We had a chance to sit down with Christian Srigley and Leighton James of Adventure Club as summer festival season wrapped up in Chicago at North Coast's very successful fifth edition. They took a moment to talk with us about their upcoming performances, musical process, and how they tag-team their creativity.
The dubstep duo has been making waves in the EDM world with original songs like "Gold" and "Thunderclap" as well as their great remixes including one of Flight Facilities' "Crave You." You can catch Adventure Club at the ongoing Safe in Sound tour along with Flux Pavilion, Destroid, and other guests this fall. Be sure to give their latest mix - Superheroes Anonymous 5: Road Trip Edition - a listen.
You’re known for being interactive, exciting, and for just throwing a great party at your shows. Any big surprises tonight, or anything new we can expect? C: Tonight? We're going to light ourselves on fire!
L: Well, we are unveiling our new single.
C: Wait, no that actually IS real, not the fire thing.
Wait, that is big news, but no fire then? C: Well, it might be real, you'll just have to wait and see.
L: You'll need special glasses to see the special fire.
So after North Coast, you guys will be having an after party at Bottom Lounge. We can expect the momentum to carry over from the 630 stage, but do you guys prefer that kind of space? Is it more your speed to be at an outdoor space or an intimate indoor stage? C: They're both just different beasts, they're both very fun. More intimate, bigger crowds, higher energy and intensity. It’s just different.
L: They are apples and oranges, to really leave it at that.
When you guys produce together, how do you split the workload between the two of you? Is it a split down the middle, or is there more of a tradeoff? C: We write and collaborate with ideas together, but I'm the one who does the in-box, actual production.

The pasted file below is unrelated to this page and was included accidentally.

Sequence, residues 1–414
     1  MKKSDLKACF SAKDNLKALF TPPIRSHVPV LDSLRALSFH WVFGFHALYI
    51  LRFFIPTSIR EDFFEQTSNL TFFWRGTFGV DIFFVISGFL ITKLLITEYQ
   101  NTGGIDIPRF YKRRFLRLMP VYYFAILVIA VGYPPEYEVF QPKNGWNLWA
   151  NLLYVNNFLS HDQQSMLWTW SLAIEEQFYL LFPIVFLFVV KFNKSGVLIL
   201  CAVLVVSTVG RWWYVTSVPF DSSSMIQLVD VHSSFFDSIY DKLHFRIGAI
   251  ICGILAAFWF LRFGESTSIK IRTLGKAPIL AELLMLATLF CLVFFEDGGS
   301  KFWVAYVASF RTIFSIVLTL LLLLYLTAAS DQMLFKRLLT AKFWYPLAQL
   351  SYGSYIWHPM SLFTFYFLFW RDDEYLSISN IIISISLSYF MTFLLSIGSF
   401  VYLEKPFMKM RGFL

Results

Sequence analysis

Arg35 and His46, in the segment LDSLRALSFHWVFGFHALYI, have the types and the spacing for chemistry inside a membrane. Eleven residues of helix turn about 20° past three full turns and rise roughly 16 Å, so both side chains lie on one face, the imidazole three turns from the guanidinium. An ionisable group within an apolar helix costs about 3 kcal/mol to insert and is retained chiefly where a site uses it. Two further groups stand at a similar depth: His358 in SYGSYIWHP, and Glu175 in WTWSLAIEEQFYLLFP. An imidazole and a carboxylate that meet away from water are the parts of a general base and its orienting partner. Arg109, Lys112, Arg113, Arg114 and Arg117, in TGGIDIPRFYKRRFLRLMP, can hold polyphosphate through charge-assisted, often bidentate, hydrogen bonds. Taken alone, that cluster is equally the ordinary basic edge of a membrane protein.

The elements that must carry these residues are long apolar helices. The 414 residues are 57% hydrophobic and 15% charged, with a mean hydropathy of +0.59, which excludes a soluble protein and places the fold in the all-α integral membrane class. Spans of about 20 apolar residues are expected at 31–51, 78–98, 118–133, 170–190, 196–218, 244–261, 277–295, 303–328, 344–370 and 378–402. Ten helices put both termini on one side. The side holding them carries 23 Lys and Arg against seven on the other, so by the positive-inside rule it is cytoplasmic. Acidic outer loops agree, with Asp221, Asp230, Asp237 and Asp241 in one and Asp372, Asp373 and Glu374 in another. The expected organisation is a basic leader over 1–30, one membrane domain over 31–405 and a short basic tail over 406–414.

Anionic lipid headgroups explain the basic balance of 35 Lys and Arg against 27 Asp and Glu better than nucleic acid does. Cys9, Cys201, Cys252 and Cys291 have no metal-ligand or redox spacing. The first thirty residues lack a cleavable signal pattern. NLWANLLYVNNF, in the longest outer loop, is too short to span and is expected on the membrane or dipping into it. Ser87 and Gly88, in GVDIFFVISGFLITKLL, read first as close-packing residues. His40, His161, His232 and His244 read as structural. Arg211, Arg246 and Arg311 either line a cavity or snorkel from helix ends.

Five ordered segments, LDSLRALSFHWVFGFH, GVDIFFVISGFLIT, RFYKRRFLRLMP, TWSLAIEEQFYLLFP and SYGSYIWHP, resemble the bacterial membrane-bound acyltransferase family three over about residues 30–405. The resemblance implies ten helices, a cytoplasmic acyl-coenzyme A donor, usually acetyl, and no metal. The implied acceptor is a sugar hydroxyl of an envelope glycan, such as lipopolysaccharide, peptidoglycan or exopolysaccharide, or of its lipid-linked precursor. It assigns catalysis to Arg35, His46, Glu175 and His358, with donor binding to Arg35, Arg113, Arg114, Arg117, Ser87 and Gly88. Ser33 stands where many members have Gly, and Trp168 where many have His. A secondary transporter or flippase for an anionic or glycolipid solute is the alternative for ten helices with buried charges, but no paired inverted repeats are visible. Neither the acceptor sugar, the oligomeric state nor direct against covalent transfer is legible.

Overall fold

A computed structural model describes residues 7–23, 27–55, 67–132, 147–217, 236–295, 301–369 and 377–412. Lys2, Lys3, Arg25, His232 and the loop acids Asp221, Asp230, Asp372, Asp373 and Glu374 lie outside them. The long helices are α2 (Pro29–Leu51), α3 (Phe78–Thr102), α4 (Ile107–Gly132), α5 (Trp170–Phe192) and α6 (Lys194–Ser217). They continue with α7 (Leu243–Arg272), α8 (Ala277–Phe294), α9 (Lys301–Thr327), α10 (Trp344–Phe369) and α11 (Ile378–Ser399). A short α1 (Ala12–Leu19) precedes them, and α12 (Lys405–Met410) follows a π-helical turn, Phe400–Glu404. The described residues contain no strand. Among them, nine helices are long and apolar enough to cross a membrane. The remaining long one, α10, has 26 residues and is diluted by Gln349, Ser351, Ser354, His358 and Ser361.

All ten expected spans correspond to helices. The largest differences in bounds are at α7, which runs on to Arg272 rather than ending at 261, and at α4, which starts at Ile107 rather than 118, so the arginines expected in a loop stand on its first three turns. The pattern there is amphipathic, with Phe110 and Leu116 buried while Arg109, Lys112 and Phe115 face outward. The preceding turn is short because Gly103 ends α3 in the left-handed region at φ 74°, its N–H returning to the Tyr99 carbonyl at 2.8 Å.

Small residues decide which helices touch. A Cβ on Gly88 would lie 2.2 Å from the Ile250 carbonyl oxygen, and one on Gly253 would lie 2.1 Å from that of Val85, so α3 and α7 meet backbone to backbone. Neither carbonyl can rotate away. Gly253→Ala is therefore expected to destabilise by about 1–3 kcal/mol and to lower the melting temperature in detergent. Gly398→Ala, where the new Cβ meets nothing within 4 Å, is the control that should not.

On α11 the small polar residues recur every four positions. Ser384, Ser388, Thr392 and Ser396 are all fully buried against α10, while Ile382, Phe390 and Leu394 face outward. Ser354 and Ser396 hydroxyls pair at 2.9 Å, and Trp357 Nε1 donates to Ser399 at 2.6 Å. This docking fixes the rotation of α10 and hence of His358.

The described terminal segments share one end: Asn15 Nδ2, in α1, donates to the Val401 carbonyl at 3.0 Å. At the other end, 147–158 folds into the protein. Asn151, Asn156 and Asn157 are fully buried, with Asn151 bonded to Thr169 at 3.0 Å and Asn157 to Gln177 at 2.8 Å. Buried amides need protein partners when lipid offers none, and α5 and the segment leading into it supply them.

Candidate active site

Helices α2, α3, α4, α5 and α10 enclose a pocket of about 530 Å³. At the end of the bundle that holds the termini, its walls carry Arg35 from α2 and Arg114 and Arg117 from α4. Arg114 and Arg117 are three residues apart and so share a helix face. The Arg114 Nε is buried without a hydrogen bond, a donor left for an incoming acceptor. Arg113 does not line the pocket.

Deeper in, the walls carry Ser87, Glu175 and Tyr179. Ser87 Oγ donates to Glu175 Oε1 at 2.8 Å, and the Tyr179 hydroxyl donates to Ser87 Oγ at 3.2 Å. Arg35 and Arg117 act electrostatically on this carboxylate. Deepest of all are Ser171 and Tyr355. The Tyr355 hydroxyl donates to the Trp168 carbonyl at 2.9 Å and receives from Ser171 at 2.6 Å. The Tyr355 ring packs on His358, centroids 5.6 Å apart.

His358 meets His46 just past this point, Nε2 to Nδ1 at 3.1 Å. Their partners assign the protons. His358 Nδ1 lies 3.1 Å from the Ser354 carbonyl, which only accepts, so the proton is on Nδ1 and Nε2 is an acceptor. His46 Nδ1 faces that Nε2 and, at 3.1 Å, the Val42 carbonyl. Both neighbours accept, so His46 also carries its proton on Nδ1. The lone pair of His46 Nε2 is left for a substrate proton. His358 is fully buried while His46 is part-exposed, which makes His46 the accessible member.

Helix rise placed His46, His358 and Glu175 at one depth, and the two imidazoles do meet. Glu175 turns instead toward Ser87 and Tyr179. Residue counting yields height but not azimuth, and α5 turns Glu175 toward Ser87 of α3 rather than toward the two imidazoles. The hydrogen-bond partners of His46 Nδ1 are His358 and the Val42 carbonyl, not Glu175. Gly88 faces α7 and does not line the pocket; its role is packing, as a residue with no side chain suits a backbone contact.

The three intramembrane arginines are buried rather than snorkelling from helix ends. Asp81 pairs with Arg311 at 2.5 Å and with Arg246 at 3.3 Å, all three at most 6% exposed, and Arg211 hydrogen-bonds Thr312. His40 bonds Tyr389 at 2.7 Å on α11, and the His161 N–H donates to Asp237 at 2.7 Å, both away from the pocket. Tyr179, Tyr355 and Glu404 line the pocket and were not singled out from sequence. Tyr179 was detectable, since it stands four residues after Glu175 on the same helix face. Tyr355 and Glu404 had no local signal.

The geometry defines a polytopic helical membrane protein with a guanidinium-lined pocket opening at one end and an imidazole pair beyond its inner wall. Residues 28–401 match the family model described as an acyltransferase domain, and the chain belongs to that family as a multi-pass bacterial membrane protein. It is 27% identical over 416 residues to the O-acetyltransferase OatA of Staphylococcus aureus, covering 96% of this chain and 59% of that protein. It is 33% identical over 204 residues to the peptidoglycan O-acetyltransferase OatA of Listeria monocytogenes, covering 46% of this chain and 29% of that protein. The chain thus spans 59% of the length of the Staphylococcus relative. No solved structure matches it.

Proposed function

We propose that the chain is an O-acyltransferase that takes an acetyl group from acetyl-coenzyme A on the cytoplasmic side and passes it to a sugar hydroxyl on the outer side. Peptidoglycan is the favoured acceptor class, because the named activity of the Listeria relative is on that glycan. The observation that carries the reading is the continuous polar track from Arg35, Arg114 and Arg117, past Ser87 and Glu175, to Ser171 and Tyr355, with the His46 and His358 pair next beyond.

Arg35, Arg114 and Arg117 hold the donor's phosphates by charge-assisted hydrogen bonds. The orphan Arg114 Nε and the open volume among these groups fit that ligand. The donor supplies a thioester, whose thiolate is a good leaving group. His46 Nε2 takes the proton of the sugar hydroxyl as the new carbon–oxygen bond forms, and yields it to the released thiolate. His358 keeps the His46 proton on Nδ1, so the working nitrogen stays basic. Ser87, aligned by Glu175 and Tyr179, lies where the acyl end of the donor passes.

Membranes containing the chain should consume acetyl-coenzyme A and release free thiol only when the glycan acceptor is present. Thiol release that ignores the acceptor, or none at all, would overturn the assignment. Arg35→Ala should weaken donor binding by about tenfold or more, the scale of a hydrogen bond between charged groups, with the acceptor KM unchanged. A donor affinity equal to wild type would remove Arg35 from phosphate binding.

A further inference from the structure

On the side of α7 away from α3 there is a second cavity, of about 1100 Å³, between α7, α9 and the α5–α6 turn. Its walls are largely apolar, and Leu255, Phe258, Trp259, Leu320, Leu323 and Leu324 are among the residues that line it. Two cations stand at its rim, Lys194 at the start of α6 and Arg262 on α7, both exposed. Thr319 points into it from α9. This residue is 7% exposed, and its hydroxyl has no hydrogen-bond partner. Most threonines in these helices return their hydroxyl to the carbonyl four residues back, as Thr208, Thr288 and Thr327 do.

And you do the in-box production in Cakewalk right? How’d you get started there? C: When I was like ten years old, I used to play guitar. I still play, but I was very into blues guitar. My dad got me Cakewalk Home studio to record rhythm guitar so then I could solo on top of it. I started making a couple guitar-based songs with some drum samples and stuff when I was a kid, and once I started to work in Cakewalk, I wanted to stick with it.
So with that guitar and music background, would you consider yourself classically trained? C: I wouldn't call it classically trained. I mean I’m trained... with lessons.
L: Yeah, My parents forced me to take piano lessons when I was seven.
Any favorite VSTs? C: Well, I mean it depends on what you want to do. I want to think of one that's fun, so Sausage Fattener?
From Dada Life? L: Yeah, I think that's one that's always used.
C: It's really a great plug in -- it definitely gets the job done, but I just stopped using it when I started getting a little more manual with everything. Lets see, I like Fab Filter Pro-L limiter right now, I'm a big fan of it -- I mean it's not something fun, but it's real.
Do you guys prefer remixing or building something from the ground up? C: It's actually the exact same process for us. We work ground up for our remixes and our originals. If we have an original with some really obscure samples we cut them up and piece it together to make a melody. Or if we have vocals, we cut it up and try to make it really indiscernible. We are still starting and making something for either... it just ends up being like the first sample we start with, and then it's the same process.
When you make something original do you start with a hook or a key and build a melody or progression? C: I don't think we've ever decidedly choose keys because it's a little too constricting. We kind of just hear something?
L: It's mostly the vocals we start with.
C: Yeah, the vocals we'll start with the vocals-- try to picture something that we want to hear, and we just run with it.
I have to ask, do you guys have any crazy pre-show rituals? C: We listen to a lot of hardcore music.
L: We start a mini moshpit - a two person moshpit. We're listening to Breakdown of Sanity right now.
C: And Fit for a King's 'Creation Destruction.' I love this album right now.
If you guys weren't doing this, if you weren't doing music right now, what else do you think you would be doing? L: Like... actually? What would we like to be doing?
C: So if we never took off?
L: I think I'd be an investment banker right now... or an accountant.
C: Yeah, you'd definitely be an accountant, he's an accountant... and I would be digging holes right now!